Koji-Brined Pork Shoulder


Shio koji is a fermented mixture of grain inoculated with mold (koji), water and salt that is used in marinades and brines. Chef Ben Bebenroth of Cleveland's Spice Catering loves how it gives this pork shoulder recipe funky umami flavor, while also helping to tenderize the meat. Miso, which also contains koji, is an easier-to-find substitute. Serve with Ginger Pickled Carrots (see Associated Recipe)--their acidity balances the richness of the dish.

Prep Time:
1 hr 15 mins
Additional Time:
2 hrs 30 mins
Total Time:
3 hrs 45 mins
12 servings


Brine & Pork

  • 4 cups water

  • 1/2 cup prepared shio koji (see Tip) or white miso

  • ½ cup packed light brown sugar

  • cup kosher salt

  • 6 cloves garlic, peeled

  • 5 bay leaves

  • 2 tablespoons whole peppercorns

  • 4 cups ice

  • 5 pounds boneless pork shoulder, trimmed and cut into 8 pieces


  • 1 tablespoon grapeseed or canola oil

  • 1 large onion, sliced

  • ¼ cup water

  • 2 cups low-sodium chicken broth

  • 1 15-ounce can no-salt-added whole tomatoes

  • ½ cup dry white wine

  • 2 tablespoons honey

  • Chopped fresh parsley for garnish


  1. To brine pork: Combine water, shio koji (or miso), brown sugar, salt, garlic, bay leaves and peppercorns in a large pot. Bring to a simmer. Cook until the sugar and salt dissolve. Transfer to a large bowl and add ice. When the ice is melted, add pork. Refrigerate for 24 to 36 hours.

  2. Remove the pork from the brine (discard brine) and let stand at room temperature for 30 minutes.

  3. Preheat oven to 250 degrees F. Pat the pork dry.

  4. To braise pork: Heat oil in a large pot over medium-high heat. Add half the pork and cook until browned on all sides, about 5 minutes. Transfer to a clean plate. Repeat with the remaining pork. Add onion and water to the pot and cook, scraping up any browned bits, until softened, about 5 minutes. Stir in broth, tomatoes, wine and honey; bring to a simmer. Return the pork to the pot. Cover and bake until the pork is fork-tender, 2 to 3 hours.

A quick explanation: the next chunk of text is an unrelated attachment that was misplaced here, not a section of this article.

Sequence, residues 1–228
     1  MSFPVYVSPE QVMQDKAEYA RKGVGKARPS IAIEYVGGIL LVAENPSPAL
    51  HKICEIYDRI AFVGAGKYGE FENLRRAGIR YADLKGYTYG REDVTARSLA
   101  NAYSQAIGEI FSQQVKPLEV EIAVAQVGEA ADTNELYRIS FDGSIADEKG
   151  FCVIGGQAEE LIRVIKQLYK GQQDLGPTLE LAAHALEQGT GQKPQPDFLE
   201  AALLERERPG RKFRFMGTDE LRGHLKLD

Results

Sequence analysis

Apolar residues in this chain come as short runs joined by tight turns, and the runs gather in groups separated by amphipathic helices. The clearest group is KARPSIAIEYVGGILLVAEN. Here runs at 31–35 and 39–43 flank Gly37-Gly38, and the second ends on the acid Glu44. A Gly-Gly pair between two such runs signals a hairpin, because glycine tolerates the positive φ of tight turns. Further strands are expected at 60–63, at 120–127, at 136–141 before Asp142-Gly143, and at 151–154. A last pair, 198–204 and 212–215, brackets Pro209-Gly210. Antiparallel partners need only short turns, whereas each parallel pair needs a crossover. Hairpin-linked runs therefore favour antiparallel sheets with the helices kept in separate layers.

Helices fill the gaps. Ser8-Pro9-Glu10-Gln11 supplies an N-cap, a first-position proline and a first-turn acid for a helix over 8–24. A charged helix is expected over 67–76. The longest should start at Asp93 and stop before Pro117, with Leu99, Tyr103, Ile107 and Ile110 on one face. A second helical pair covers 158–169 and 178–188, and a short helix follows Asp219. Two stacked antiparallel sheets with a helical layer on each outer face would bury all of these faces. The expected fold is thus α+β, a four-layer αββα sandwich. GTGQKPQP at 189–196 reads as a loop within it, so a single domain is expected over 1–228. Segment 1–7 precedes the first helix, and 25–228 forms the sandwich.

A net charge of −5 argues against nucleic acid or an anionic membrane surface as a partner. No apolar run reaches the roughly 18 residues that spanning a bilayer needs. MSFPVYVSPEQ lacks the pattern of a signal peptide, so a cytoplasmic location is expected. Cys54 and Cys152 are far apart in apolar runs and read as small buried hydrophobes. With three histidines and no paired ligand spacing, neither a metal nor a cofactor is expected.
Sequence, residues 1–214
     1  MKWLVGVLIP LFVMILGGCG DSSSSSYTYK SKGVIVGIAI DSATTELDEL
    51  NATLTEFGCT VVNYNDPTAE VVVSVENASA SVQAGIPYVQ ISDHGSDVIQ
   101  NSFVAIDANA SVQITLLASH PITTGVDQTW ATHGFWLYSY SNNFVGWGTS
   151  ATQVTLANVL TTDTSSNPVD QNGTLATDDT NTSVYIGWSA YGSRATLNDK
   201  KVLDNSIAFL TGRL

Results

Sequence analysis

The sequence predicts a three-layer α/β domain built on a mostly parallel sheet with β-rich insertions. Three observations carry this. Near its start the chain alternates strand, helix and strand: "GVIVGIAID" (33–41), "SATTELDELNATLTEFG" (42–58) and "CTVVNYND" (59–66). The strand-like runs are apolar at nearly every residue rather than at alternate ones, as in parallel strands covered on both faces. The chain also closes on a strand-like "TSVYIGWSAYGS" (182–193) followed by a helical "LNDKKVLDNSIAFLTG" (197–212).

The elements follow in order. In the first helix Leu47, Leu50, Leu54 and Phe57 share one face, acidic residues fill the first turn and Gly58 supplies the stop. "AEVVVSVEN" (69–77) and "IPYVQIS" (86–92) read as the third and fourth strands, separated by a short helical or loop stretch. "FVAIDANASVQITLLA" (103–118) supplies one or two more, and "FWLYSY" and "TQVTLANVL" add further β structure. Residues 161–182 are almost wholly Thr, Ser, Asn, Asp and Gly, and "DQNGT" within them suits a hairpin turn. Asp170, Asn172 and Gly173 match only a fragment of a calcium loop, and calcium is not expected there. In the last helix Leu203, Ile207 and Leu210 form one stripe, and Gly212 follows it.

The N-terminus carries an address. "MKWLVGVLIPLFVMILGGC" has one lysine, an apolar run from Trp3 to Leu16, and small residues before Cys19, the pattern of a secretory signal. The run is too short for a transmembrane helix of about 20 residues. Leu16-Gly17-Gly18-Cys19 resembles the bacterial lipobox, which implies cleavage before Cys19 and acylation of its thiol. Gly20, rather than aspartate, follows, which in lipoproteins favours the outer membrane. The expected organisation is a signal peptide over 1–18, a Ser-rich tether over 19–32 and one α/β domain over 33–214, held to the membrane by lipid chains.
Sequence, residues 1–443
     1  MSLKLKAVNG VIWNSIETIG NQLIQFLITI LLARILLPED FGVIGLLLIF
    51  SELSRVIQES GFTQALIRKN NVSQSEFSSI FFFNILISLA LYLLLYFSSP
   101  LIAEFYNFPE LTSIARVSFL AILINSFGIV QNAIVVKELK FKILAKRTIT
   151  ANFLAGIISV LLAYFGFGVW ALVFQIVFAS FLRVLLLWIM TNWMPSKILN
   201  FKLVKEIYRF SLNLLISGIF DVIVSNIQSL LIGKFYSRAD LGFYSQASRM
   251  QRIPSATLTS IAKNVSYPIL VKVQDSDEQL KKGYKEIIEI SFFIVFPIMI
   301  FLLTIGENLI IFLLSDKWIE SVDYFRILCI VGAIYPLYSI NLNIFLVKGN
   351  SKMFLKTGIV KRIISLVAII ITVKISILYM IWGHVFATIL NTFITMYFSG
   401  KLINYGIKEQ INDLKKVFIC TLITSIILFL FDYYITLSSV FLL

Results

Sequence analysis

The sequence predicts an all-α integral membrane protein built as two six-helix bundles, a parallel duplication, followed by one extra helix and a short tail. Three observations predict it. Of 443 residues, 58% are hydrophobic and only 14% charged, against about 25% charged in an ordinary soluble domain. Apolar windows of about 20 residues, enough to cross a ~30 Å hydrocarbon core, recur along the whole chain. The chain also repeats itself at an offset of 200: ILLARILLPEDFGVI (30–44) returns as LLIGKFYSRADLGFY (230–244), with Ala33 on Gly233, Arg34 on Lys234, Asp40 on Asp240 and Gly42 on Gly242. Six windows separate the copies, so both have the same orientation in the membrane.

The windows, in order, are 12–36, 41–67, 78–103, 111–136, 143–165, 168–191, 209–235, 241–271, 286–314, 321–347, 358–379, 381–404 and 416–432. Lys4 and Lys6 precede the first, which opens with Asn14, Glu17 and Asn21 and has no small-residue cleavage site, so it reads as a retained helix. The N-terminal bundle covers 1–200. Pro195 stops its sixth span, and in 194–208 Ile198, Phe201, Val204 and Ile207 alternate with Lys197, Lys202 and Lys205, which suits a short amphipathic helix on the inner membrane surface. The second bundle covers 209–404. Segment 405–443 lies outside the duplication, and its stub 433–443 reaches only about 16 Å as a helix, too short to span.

5. Transfer the pork and vegetables to a serving dish and tent with foil to keep warm. Skim fat from the cooking liquid. Bring to a simmer over medium-high heat. Cook until the sauce is reduced by half, 10 to 15 minutes.

  6. Spoon the sauce over the pork and vegetables and sprinkle with parsley, if desired.

To make ahead

Brine pork (Step 1) for up to 36 hours.


Primarily used as a marinade, shio koji has a similar taste to sake or miso, all of which contain the Japanese fermenting agent koji, usually made from rice. Purchase prepared shio koji at Asian markets or online. If you buy the powdered version, prepare it according to the package instructions before using it in this recipe.

Associated Recipe

Ginger Pickled Carrots

Nutrition Facts (per serving)

307 Calories
18g Fat
8g Carbs
25g Protein
Nutrition Facts
Servings Per Recipe 12
Serving Size 3 oz. pork & 3 Tbsp. sauce
Calories 307
% Daily Value *
Total Carbohydrate 8g 3%
Dietary Fiber 1g 2%
Total Sugars 6g
Added Sugars 4g 8%
Protein 25g 50%
Total Fat 18g 23%
Saturated Fat 6g 32%
Cholesterol 92mg 31%
Vitamin A 154IU 3%
Vitamin C 4mg 4%
Folate 3mcg 1%
Sodium 437mg 19%
Calcium 38mg 3%
Iron 2mg 11%
Magnesium 25mg 6%
Potassium 417mg 9%

Nutrition information is calculated by a registered dietitian using an ingredient database but should be considered an estimate.

* Daily Values (DVs) are the recommended amounts of nutrients to consume each day. Percent Daily Value (%DV) found on nutrition labels tells you how much a serving of a particular food or recipe contributes to each of those total recommended amounts. Per the Food and Drug Administration (FDA), the daily value is based on a standard 2,000 calorie diet. Depending on your calorie needs or if you have a health condition, you may need more or less of particular nutrients. (For example, it’s recommended that people following a heart-healthy diet eat less sodium on a daily basis compared to those following a standard diet.)

(-) Information is not currently available for this nutrient. If you are following a special diet for medical reasons, be sure to consult with your primary care provider or a registered dietitian to better understand your personal nutrition needs.

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